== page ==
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Relatively quickly, jazz has found a home in the traditional tunes of this mountain country.by Jamila Sujud 14 July 2014
DUSHANBE | What do you get when you combine the doira, tablak, and gijak – traditional instruments in Tajikistan – with the improvisation of jazz?
That’s the question the band Avesto has been asking, and answering, for years, synthesizing contemporary jazz with traditional Tajik music to tell stories about their country.
Avesto folds melodies from across Tajikistan’s region – from the sedate tunes of Badakhshan in the southeast to the rhythmic compositions of the northern Sughd province – into jazz to create what has become known as ethno jazz, a genre popular enough to support a festival in Dushanbe each year in mid-May.
The festival’s growing attendance – from 1,500 in 2009, its inaugural year, to 2,200 this year – is evidence of the genre’s increasing appeal in Tajikistan and, some say, throughout Central Asia.
“We can proudly say that the development of ethno jazz in Central Asia began thanks to Avesto,” the group’s singer, Takhmina Ramazanova, said. She recalled that on the band’s first appearance at a festival in Bishkek in 2009, it was the only group performing ethno jazz tunes.
By the next year, she said, “we met colleagues from other countries in Central Asia who had adopted our practices and started trying to perform ethno jazz.” This year, the group conducted master classes at the Dushanbe festival.
Although jazz first made its way to Tajikistan in the 1960s, the success of a group like Avesto became possible only as attitudes toward Western music relaxed – and possibly as Western music has adapted itself to Tajik norms.
In the 1960s jazz was considered bourgeois by the country’s communist rulers. Some performers adopted elements of the genre, but no one became popular playing something clearly identifiable as jazz until singer Parvin Yusufi came on the scene in the late 1980s.
Avesto followed in the late 1990s, as young people’s exposure to Western culture increased in the post-Soviet period and jazz was given a chance to blossom. The group took top prizes in national and regional competitions and was signed to German record label Double Moon in 2001.
Still, it is a heavily Tajik version of the genre that is usually played here.
“If I’m playing ethno jazz, I improvise in falak,” Ramazanova said, referring to a style of music central to Pamiri culture in parts of Tajikistan, Afghanistan, and Pakistan that is concerned with universal human themes such as life and death, happiness and despair, love, longing, and peace.
“Tajik music has many rich tunes, which should be used” in ethno jazz, she said.
Jasur Khalilov, Avesto’s bassist and artistic director of the Dushanbe Ethno Jazz Festival, echoed those sentiments.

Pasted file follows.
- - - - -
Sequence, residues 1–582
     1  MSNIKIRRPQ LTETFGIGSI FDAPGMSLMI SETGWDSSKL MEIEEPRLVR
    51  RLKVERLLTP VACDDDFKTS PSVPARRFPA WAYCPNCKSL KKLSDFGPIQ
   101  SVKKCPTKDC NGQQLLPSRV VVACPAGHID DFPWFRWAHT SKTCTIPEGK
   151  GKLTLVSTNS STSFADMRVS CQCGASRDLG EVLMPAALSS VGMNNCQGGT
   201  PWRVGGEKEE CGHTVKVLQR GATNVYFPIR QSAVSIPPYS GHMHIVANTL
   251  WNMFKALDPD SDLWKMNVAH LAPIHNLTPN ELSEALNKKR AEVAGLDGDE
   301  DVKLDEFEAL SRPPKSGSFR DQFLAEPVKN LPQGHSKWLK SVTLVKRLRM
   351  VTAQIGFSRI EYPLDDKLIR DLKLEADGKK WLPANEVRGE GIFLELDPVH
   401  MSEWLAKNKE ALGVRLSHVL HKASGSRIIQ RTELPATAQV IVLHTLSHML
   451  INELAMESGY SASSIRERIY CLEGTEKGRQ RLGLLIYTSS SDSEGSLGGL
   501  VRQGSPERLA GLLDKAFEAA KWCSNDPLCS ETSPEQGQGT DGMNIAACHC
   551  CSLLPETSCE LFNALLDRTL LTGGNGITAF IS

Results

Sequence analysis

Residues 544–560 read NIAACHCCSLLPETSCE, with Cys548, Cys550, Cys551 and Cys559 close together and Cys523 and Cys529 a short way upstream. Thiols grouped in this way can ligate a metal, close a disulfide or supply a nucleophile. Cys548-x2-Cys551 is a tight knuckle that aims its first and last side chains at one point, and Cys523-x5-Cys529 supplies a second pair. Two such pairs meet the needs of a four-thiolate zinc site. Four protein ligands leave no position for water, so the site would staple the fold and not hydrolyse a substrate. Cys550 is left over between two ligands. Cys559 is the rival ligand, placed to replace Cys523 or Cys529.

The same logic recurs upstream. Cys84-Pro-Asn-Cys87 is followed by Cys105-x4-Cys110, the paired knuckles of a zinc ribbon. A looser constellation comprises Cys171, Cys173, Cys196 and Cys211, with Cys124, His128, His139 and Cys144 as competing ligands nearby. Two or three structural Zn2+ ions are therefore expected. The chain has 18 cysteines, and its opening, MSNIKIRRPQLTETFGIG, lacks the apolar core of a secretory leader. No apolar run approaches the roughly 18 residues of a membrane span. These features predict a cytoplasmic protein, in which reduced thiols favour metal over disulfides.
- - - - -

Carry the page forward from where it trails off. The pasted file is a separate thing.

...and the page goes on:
“Tajik music is an inexhaustible source for creative work,” said Khalilov, who also teaches at the Tajik National Conservatory. “The synthesis of jazz and ethnic music produces the best compositions.”
Despite its growing acceptance, jazz is largely the province of city dwellers in Tajikistan. For it to catch on more broadly, Khalilov said, the country needs to offer formal training in the genre, as well as regular festivals, competitions, clubs, seminars, and media coverage.
The ethno jazz festival aims to fill some of those gaps, with master classes, laboratories, and performing slots reserved for unknown musicians. The roster grows each year, reaching 17 bands and performers this year from around Central Asia and from Russia, Germany, Austria, and France.
Among them was a popular group called Charkh, which combines Pamiri folk music and rhythms with jazz, Sufi songs, and other world music.
This year’s festival also saw German multi-instrumentalist Roman Seehon and Nick Katsakis, an official at the U.S. Embassy in Dushanbe who plays saxophone, share the stage with Avesto.
Also spreading the gospel of jazz are two venues that opened in Dushanbe this spring.
Twice a week in April, one of them, the Cotton Club, brought in the crowds when it hosted Yusufi, the country’s most famous jazz singer. In an interview after one performance, the 44-year-old singer said she was introduced to jazz at 15 by her brother, a jazz and blues fan. It was Western stars such as George Benson, Al Jarreau, Sade, and Diane Schuur who inspired her to take up the genre, she said.
Amal Khanum Gadjieva of Dushanbe’s Bactria Cultural Center, a co-organizer of the ethno jazz festival, said jazz is becoming more popular in Tajikistan.
“Through jazz we can communicate with other nationals or citizens of other countries,” Gadjieva said. “But when we hear ethno jazz, we can see the other side of jazz: this kind music is built on a national base.”
That is where groups like Avesto come in, making itself an ambassador for Tajik folk music abroad and for jazz at home.
In its foreign trips, especially to Europe, the band tries to introduce its national culture, vocalist Ramazanova said. “We have to be proud of our Tajik music – we have beautiful, rich, and melodious music. Tajik music has harmony. Even in very a simple tune you can hear it.”